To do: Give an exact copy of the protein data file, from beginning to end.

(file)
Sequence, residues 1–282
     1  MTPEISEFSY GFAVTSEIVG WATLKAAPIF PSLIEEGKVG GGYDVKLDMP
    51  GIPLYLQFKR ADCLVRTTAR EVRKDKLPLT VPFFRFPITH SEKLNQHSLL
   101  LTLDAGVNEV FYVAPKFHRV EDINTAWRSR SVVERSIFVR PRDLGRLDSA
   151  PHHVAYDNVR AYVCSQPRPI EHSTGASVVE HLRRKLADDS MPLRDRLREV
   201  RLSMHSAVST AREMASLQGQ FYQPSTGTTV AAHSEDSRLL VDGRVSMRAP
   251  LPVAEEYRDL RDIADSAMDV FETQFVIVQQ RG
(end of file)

Sequence, residues 1–282
     1  MTPEISEFSY GFAVTSEIVG WATLKAAPIF PSLIEEGKVG GGYDVKLDMP
    51  GIPLYLQFKR ADCLVRTTAR EVRKDKLPLT VPFFRFPITH SEKLNQHSLL
   101  LTLDAGVNEV FYVAPKFHRV EDINTAWRSR SVVERSIFVR PRDLGRLDSA
   151  PHHVAYDNVR AYVCSQPRPI EHSTGASVVE HLRRKLADDS MPLRDRLREV
   201  RLSMHSAVST AREMASLQGQ FYQPSTGTTV AAHSEDSRLL VDGRVSMRAP
   251  LPVAEEYRDL RDIADSAMDV FETQFVIVQQ RG